Parents at an Abu Dhabi school have raised concerns about the deafening noise and disruptive vibrations coming from a construction site immediately next to their children's campus.
Repton School's Rose Campus is located on Reem Island directly next to the new Central Park residential and commercial tower, which will take three years to build.
“I could feel the ground physically shaking underneath me while they were working,” said a mother of a boy in year 2.
“My concern is that part of our building is going to collapse or that something is going to fall, that’s what I’m afraid of.”
Construction of Central Park began in November, but parents say the heavy drilling and hammering only became a serious concern in recent weeks when piling and shoring work started, increasing the volume and frequency of the noise during school hours.
Videos shared with The National show scaffolding erected just a few feet from the school's wall as heavy machinery can be clearly heard pounding into the foundation.
In another, a pot filled with coffee shook violently on top of a table as heavy equipment rattled loudly. The video pans to a smartphone with a decibel meter application registering the noise inside the school as being up to 94 decibels, which is equivalent to a gas lawnmower.
“The construction is continuous, so you always hear a little bit, but sometimes it is really bad,” said the mother of a girl in year 1.
“Sometimes they have to cancel classes, the Arabic class for instance is a place where they cannot hear each other.”
Some parents said they have temporarily withdrawn their children from the school, fearing the noise and tremors may cause them harm.
“I know one child in the same class as my daughter who has strong headaches now and can no longer come,” said the mother, who asked not to be identified.
“One kid is scratching his face, apparently, another girl is actually really scared because the school is trembling, it’s like an earthquake. It’s not always like that, but some of the kids are scared. It’s definitely not good for their ears.”
Repton has responded to the complaints by relocating students from the classrooms closest to the construction site to rooms on the opposite side of the school. Administrators are also regularly monitoring the air quality and measuring the decibel levels inside the school. Updates are communicated with parents on a weekly basis.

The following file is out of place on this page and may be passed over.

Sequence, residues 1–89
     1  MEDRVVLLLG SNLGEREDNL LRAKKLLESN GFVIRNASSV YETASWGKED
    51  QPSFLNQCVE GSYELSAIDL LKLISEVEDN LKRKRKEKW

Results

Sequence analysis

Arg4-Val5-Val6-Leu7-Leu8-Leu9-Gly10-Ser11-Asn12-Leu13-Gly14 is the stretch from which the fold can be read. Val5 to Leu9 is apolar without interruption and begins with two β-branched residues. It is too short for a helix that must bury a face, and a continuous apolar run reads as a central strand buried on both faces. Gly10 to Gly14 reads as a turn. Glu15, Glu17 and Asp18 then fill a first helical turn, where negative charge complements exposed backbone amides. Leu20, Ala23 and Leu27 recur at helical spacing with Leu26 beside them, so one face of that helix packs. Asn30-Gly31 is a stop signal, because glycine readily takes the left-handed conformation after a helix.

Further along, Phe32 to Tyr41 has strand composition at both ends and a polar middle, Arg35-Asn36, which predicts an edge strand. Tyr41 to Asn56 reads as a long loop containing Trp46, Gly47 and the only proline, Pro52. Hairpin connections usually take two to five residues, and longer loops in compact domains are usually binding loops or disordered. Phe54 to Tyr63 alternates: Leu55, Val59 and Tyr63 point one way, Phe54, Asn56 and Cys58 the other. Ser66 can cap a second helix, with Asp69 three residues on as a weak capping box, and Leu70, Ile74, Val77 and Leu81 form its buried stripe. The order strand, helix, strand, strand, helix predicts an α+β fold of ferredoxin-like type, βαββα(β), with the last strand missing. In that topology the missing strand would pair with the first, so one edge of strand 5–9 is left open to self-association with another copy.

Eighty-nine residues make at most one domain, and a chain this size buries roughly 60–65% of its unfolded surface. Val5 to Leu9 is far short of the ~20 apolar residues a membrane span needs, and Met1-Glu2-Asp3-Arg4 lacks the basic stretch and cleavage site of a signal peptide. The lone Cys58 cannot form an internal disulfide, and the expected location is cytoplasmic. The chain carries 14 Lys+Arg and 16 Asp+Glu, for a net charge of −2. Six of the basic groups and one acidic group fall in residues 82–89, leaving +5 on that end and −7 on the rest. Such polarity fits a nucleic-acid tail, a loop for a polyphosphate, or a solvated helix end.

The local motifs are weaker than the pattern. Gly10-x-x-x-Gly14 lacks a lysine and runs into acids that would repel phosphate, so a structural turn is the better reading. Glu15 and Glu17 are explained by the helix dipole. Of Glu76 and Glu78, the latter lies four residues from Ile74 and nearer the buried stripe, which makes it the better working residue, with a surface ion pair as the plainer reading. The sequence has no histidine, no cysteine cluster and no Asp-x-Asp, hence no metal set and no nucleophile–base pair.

“The safety and well-being of pupils are of utmost concern to the school,” Repton Abu Dhabi said in a statement.
“The school’s senior leadership team has been closely monitoring the situation and has been in constant touch with the parent community through their class representatives. Weekly meetings have been held and parents have been kept informed at every stage on measures taken by the school to minimise disruption."
Repton’s administration has also asked the construction company, CATIC, and the island’s master developer, Aldar Properties, to do what they can to stop piling works during school hours.
“We are in discussions with the master developer and relevant regulatory authorities to expedite the approval of a night works permit,” according to Repton. “This will ensure that there is no further disruption for pupils in Rose Campus by stopping the piling works during school hours.”
Aldar Properties is the master developer of a large section of Reem Island, but does not own the land where Central Park Tower is being built. The land was sold to an undisclosed third party.
“Aldar Properties has sold a number of plots to third party developers in addition to retaining a number of plots for its own development purposes,” the company said in a statement. “Aldar requires that all development activity takes place in accordance with all applicable laws and regulations, which includes ensuring the safety and security of every person within its master planned communities.”
A site manager of the construction project said CATIC had applied for, but had not yet been issued, a permit by the Abu Dhabi Municipality that would allow work continue at night. The Central Park Tower project is expected to take at least three years to complete, he said.
“If the municipality gives me permission, I don’t have objection to working at night,” said Sameeh Mohammed, site manager of the Central Park Tower project. “It would be no problem for me. But until I get the night work permission, I cannot stop work.”
Michael Xu, a senior administrator at CATIC, said: “We really are trying our best to get a permit. We really are very sorry about the noise the children are experiencing in the school.”
Abu Dhabi Municipality did not respond to questions about the construction work.
Parents said in the absence of a night permit, the 500 pupils and 100 staff should be moved to Repton Abu Dhabi’s second campus, called Fry, which recently opened just 1 kilometre from the Rose campus to accommodate pupils from Year 3 to Year 13.
“None of us know what impact this level of shaking and drilling has on a small building in such close proximity to the construction site. It would be foolish to not do anything," said the mother of a year 2 boy.